ALGN, what a wonderful find

I don’t know who to thank for bringing Align Technology (ALGN) to the board’s attention. I only got to research it this morning after reading strelna’s post.

strelna sold on valution concerns. The Klein chart concurs:

redsox2005 has some very keen comments:

I’ve been interested in buying for the last couple of months and haven’t pulled the trigger - yet. What is very interesting is that they only have roughly 6% penetration of the teenage market and doctors are now more than 12 months ago to use their procedure as they are more comfortable with it. High valuation - yep; own the market; yep; disruptive - I think so; faster than traditional - yep. I am waiting for the next earnings release to make the decision as I view this as a very long term play.

Market penetration is a key metric metric in the growth story. My guide is that the curve in the hockey stick is put in at around 15% industry wide market penetration. Maybe 6% is too early.

The bear case for Align Technology cites many patents expiring soon which will allow more competitors to enter the market. Align has not been resting on its laurels, they have lots of new patents in their pipeline. Link courtesy a Fool walled board:

But patents by themselves don’t make a sufficient moat. On the other hand, being “the market leader” makes a huge difference in creating the network effect to keep them in that position. Colgate toothpaste is a good example. How difficult is it to make toothpaste? What then keeps Colgate toothpaste as the market leader year after year besides being the market leader? One reason is “positioning.” The human mind does not store all the information it collects. Marketers have found that we have a ladder that allows us to recall maybe two or three names in each category. The test is asking who was the second flier to cross the Atlantic non-stop. Most people, including myself, are stumped! More mundane reasons for keeping the leadership position are “if it ain’t broke, don’t fix it” and “you can’t lose your job buying IBM” (back when it was still true).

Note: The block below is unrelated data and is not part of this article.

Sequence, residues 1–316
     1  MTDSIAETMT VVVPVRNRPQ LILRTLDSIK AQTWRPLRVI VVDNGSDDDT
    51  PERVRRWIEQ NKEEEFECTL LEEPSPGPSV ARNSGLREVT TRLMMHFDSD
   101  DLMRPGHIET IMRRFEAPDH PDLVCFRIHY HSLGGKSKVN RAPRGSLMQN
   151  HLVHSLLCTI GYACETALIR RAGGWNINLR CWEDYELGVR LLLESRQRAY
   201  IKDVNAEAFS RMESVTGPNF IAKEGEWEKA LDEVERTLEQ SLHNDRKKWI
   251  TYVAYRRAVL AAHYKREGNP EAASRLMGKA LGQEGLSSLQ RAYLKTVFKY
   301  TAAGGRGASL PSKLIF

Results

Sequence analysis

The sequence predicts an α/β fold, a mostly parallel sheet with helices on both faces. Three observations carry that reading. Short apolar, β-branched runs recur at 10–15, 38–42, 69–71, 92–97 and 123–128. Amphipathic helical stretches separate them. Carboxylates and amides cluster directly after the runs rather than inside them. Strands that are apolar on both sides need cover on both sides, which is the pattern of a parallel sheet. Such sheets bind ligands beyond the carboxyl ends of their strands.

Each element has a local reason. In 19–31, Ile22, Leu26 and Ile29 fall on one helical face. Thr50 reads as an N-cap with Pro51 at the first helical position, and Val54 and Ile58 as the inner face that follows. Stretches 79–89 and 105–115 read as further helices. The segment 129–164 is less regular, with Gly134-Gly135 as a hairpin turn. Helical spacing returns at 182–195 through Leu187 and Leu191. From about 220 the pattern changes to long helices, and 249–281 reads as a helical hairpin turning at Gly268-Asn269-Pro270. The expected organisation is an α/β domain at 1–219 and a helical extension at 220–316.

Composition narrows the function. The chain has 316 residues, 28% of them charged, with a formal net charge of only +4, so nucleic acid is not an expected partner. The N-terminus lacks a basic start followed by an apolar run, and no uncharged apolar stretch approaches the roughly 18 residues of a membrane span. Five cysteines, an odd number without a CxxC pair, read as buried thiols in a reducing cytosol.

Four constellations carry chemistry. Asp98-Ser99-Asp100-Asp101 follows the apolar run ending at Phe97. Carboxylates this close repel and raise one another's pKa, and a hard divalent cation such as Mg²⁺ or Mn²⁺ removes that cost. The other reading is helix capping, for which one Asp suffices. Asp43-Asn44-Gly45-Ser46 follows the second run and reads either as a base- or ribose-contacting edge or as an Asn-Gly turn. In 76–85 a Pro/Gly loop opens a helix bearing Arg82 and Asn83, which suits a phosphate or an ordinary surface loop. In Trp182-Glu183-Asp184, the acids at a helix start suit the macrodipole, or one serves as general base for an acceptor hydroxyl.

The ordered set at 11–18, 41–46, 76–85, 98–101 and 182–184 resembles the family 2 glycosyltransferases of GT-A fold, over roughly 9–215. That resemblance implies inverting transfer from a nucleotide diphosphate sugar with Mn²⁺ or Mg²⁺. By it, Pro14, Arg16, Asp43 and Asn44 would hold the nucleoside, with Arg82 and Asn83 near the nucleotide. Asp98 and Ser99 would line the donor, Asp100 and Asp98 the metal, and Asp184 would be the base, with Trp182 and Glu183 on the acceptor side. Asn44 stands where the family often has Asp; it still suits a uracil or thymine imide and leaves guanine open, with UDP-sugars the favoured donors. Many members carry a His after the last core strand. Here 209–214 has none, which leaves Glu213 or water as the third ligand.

The above creates a conundrum: is ALGN overbought (valuation issues) or is ALGN painting the curve in the hockey stick (opportunity)? One safe way to approach the conundrum is to buy a tiny starter position for the purpose of staying focused on the stock. I’ve added ALGN to my wish-list.

My portfolio is heavily health oriented: one drug stock, one medical equipment stock, one food and animal safety stock, one food additives stock, and on the wish list one housekeeping and food preparation stock. While all are health oriented they are quite well diversified. What I find interesting is that these health stocks are among the long term fastest growing stocks I could find*. High tech has some much faster growers but with short histories because there is a lot of creative destruction in that fast developing industry. My participation in high tech is limited to four ETFs.

But what is the point I’m making? That in an affluent but aging society healthcare is a major industry because people can afford to try to stay healthy and alive. And people can afford to make themselves look their best with straight teeth. As a kid I too wore braces, my dad could afford them.

Denny Schlesinger

  • I also own one health destroying company, Monster Beverage Corporation (MNST) which is growing even faster than the health promoting stocks, an incredible 35% over 20 years!

and it’s no fluke, a competitor, National Beverage Corp. (FIZZ), is not far behind. It was mentioned in the comments section of a SeekingAlpha article about MNST